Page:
Authorities in the Chinese capital have formally detained a local journalist for a Japanese financial newspaper on public order charges after she helped cover the detention of a top human rights lawyer, her relatives said.
Xin Jian, who worked as a news assistant—a post which often involves reporting duties—for the Nihon Keizai Shimbun newspaper, was the latest person to be detained ahead of the 25th anniversary of the 1989 crackdown on pro-democracy protests in Tiananmen Square.
Xin, who was employed by the newspaper's office in the southwestern megacity of Chongqing, was taken away from her home on May 13.
Chinese authorities have detained and questioned dozens of activists and family members of victims of the 1989 bloodshed after they held a seminar to mark the sensitive anniversary.
Around 20 human rights lawyers, academics, and family members of victims attended the May 3 seminar in Beijing, where they discussed the crackdown on unarmed civilians by the People's Liberation Army (PLA).
Some of those held for questioning in the wake of the seminar were subsequently released, but top human rights lawyer Pu Zhiqiang and other activists including online writer Liu Di, social scientist Xu Youyu, house church leader and democracy activist Hu Shigen, and Beijing Film Academy professor Hao Jian have been formally detained for "picking quarrels and stirring up trouble."
'She's out of our hands'
Police initially told Xin's family that she was needed as a witness for questioning, the Nihon Keizai Shimbun told the Associated Press.
According to her relatives, Xin had helped reporters conduct interviews with Pu, a vocal rights advocate who had campaigned for the abolition of the "re-education through labor" camp system.
Xin's husband Wang Haichun said the family had canceled a planned news conference on her detention after "developments in the situation."
But he said it was "inconvenient" to give further details when contacted by RFA on Tuesday.
"Because she actually works for a news organization, you need to go through that organization," he said.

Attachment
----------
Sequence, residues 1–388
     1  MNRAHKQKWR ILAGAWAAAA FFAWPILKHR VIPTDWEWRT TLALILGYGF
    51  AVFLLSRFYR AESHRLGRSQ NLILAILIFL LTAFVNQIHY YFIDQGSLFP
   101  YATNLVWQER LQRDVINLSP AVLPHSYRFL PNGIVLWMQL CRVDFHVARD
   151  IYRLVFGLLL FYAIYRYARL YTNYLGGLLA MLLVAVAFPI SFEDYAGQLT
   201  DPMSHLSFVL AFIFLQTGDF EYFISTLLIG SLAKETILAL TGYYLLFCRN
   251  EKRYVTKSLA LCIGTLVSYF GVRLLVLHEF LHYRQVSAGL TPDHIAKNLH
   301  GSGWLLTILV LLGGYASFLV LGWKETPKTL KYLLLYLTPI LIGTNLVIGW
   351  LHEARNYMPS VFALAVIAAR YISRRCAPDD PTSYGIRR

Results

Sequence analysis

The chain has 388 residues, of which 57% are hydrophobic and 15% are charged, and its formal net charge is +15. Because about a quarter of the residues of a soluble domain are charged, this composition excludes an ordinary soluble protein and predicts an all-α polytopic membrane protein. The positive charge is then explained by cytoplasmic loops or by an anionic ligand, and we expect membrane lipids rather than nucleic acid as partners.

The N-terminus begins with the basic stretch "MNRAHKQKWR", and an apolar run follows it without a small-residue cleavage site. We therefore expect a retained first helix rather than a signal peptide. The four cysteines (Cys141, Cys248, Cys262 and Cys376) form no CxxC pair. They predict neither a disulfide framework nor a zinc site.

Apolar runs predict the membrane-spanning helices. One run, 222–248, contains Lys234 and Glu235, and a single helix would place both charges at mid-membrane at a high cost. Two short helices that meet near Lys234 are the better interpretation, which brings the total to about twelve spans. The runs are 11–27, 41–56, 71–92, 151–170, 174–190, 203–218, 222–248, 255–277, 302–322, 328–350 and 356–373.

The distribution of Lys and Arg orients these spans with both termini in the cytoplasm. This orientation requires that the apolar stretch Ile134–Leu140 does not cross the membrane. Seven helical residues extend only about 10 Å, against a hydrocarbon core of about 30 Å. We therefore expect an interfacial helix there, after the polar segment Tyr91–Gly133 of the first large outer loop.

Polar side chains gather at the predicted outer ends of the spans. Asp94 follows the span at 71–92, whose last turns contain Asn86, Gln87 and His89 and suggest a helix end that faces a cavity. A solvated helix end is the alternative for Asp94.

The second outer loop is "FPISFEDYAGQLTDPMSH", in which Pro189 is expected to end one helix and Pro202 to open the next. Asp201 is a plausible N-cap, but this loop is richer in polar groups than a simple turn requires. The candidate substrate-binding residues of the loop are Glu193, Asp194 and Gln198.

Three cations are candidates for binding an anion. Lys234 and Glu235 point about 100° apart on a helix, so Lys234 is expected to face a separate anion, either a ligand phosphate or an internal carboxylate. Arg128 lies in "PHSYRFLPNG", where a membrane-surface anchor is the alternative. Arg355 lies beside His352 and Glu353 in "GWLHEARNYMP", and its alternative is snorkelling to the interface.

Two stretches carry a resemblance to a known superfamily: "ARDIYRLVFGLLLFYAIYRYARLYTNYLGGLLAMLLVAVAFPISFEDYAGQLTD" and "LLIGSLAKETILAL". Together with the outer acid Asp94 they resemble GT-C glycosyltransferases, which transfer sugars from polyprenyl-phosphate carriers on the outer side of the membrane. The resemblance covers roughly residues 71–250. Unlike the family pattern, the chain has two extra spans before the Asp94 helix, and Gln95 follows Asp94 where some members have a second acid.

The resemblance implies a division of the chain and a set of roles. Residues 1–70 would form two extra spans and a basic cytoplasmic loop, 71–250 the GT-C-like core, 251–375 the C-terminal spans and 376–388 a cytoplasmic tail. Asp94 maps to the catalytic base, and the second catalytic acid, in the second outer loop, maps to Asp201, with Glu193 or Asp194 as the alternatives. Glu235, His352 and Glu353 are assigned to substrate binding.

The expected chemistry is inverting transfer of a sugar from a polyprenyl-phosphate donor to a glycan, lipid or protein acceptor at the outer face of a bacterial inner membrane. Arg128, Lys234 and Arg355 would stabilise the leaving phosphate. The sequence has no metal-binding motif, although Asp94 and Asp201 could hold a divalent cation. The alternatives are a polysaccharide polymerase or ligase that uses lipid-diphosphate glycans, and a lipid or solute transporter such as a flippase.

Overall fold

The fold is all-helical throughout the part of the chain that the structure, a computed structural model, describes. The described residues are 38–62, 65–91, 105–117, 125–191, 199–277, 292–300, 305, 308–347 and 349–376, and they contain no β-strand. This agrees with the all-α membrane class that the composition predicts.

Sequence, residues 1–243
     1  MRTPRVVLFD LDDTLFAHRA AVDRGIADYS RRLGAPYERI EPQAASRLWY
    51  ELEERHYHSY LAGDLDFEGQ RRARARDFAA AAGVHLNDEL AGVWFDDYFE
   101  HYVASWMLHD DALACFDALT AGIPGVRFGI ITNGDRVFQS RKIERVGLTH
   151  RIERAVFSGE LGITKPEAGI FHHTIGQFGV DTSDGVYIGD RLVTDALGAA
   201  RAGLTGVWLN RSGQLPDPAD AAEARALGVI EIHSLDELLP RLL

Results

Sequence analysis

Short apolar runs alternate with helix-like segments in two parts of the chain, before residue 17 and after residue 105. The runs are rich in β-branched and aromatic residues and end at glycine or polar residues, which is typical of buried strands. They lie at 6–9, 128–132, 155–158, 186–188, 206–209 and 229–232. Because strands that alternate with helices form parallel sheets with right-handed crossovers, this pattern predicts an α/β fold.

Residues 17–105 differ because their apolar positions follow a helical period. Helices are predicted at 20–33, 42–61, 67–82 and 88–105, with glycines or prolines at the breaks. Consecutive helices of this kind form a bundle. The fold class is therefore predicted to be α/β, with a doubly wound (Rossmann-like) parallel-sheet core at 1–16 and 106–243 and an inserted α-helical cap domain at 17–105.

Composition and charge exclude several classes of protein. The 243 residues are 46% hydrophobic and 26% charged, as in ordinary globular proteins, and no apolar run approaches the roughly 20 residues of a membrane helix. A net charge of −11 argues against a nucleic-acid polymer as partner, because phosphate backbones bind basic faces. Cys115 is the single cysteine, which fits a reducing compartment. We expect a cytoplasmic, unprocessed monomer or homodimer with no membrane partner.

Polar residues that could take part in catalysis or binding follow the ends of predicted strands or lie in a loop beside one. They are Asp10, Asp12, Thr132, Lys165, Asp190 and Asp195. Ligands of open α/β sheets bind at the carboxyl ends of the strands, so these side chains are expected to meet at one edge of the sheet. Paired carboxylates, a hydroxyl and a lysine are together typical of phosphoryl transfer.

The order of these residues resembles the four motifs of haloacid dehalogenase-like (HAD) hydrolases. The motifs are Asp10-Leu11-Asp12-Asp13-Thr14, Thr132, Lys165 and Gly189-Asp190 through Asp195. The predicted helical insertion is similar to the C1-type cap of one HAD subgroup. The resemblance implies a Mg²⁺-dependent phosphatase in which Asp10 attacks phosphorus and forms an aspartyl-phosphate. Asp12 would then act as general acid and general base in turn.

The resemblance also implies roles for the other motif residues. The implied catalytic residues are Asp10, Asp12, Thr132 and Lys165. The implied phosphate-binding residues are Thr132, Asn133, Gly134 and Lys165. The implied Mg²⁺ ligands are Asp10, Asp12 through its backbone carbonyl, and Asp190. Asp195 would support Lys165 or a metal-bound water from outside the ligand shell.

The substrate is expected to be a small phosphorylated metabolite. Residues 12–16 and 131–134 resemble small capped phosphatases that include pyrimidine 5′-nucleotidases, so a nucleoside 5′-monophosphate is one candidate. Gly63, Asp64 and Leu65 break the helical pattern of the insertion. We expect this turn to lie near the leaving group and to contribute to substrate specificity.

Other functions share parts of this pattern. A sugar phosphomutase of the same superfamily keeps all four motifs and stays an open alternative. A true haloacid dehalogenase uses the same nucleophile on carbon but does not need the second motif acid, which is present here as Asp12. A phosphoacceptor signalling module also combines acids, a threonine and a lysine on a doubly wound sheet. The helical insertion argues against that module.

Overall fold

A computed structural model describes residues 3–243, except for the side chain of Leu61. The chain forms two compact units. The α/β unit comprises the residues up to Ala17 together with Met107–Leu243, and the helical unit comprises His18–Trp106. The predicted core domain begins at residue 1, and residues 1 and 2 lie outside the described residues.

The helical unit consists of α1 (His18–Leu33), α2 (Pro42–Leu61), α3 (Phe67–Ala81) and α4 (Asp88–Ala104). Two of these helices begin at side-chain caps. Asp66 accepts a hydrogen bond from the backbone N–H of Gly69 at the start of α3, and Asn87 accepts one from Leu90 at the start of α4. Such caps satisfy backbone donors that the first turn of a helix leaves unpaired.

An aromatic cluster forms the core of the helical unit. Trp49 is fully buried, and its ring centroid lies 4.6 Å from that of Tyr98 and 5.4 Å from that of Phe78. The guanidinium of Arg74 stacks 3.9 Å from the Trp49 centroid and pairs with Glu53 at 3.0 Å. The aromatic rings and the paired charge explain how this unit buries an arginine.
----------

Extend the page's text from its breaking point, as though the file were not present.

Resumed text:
Asked if the family knew where Xin is being held and whether they are concerned for her well-being, Wang replied: "Things are OK on both those counts."
But he declined to give further details. "We have to protect Xin Jian, because she's out of our hands now," he said.
Chinese authorities have warned foreign journalists of "extreme consequences" if they report on sensitive issues ahead of the June 4 anniversary of the crackdown.
Rights activists said security measures and detentions have been far more widespread, and have begun much earlier, than was usual in previous years.
"The response by the Chinese authorities to the 25th anniversary has been harsher than in previous years, as they persist with trying to wipe the events of 4 June from memory," Amnesty International secretary general Salil Shetty said in a statement on Wednesday.
Authorities in the central province of Hunan have also detained rights activist Li Zhengran on charges of "picking quarrels and stirring up trouble," fellow activist Huang Yonghua said on Wednesday.
"When I was hauled in to 'drink tea' with the state security police, they let it slip that Li Zhengran was under criminal detention," Huang said, referring to an informal questioning procedure often used to target activists and government critics.
"He was pretty active in our circle here in this city," he said. "The authorities are using these catch-all charges to detain him as a preventive measure."
He said state security police had wanted to know whether he had plans to commemorate the June 4 bloodshed, whether online or offline.
Chinese authorities have already detained or placed under close surveillance the relatives of those who died or were maimed in the military crackdown on student-led protests in Tiananmen Square.
Ding Zilin, founder of the Tiananmen Mothers victims group, is currently being held at an unknown location outside Beijing, and is being prevented from returning to her home in the capital, group spokeswoman You Weijie said.
Since 1989, Chinese authorities have suppressed any public efforts to commemorate victims of the crackdown, in which the army used machine guns and tanks against civilians, and to clear the square of hunger-striking students who had been encamped there for weeks amid swelling popular support.
Beijing's censors are also quick to clamp down on any online reference to the crackdown, and keywords linked to the incident typically return no search results on China's tightly controlled Internet.
Reported by Wen Yuqing and Li Youyi for RFA's Cantonese Service, and by Xin Yu for the Mandarin Service. Translated and written in English by Luisetta Mudie.